Every time you buy or sell a home you will work with a title company on the closing of the property. The title company is selected by the buyer (usually through the lender or Realtor on the buyer’s side, based on who the lender and/or Realtor usually work with.) The title company I frequently work with is Chase Legal Title in Anderson. Debbie Swain from Chase just sent me a ton of user-friendly information about titles to share with you. A lot of this stuff happens behind the scenes, a buyer or seller may not even realize all that is involved when preparing to close on your property.
The lender will send a buyer’s file to the title company after he/she applies for a loan to buy a property. The title company will then do a “title examination,” to see if there are any problems with the property: other mortgages, liens, pending lawsuits, etc. For example, perhaps the title company might find an old mortgage from a previous owner that wasn’t released when a property was sold previously. The title company will also check the names of owners to look for any pending lawsuits that might affect the property. The title company will then work to settle these discrepancies.
Payoffs will then be ordered for the properties. With the help of the Realtor, the seller’s mortgage numbers will need to be accessed so the title company knows how much money is owed on the property currently — therefore the banks can receive the payment for the home upon the sale. The title company also relies on the Realtor to inform them of the property sale price, home warranty costs, commission amounts, closing cost contributions from seller, etc.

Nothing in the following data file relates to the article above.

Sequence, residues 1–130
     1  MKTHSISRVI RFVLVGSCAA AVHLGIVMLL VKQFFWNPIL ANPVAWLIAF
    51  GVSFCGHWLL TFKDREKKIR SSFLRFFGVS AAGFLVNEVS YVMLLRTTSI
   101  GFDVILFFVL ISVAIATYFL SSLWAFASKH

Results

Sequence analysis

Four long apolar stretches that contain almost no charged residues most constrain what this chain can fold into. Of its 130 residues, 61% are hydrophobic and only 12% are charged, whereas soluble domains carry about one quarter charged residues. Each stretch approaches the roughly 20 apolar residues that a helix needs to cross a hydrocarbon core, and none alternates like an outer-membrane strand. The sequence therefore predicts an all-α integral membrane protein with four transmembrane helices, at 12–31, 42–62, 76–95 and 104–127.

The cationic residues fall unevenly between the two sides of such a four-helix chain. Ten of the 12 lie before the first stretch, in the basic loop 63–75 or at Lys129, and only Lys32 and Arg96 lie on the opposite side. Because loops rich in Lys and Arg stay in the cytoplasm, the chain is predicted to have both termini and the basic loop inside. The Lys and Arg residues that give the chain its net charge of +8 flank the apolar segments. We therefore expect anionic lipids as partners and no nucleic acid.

Once the buyer’s loan is approved and all liens are cleared, the closing can be scheduled. The lender will send the title company all the informationg about the loan, and the title company has other costs as well. These will go into the HUD-1, or settlement statement. (Those miscellaneous fees include recording fees, transfer fes, the fees to prepare the title, etc.) When you get a hud for a a purchase or sale of a property, every fee for each party will be itemized. Realtors, lenders and the buyers and sellers have a responsibility to look at the HUD carefully to make sure all of the information is accurate.
The title company will prepare all other documents for closing, finalize the HUD, issue the checks that are given out at closing and conduct the actual closing itself. I asked Debbie what she thinks clients can do to make sure their closings go smoothly.
“In order for a closing to run smoothly a buyer should communicate well with the Realtor and title company, if needed, and make sure that anything the lender has asked for is obtained for them quickly,” Debbie says. “Often times the loan is approved with conditions, such as copy of tax returns, letter of explanations — these items are often asked for in the beginning but the buyer waits to give them to the lender. The loan cannot close until these items are reviewed by the underwriter.”
Because sometimes buyers don’t realize all that goes into a closing, it’s important to stay in touch with your Realtor and lender, and provide anything they ask for quickly! You may think there is plenty of time, but often there isn’t.
Debbie also points out that “the title company does not represent the buyer or seller in any way. The title company is involved at the request of the buyer’s lender, however. The title company’s concern is to make sure the title passes from seller to buyer properly.”
We also talked with Debbie about the importance of title insurance. We cover title insurance in another blog post.
Thanks to Debbie Swain at Chase Legal Title!
More information about titles:
Legal Definitions: What is a title search?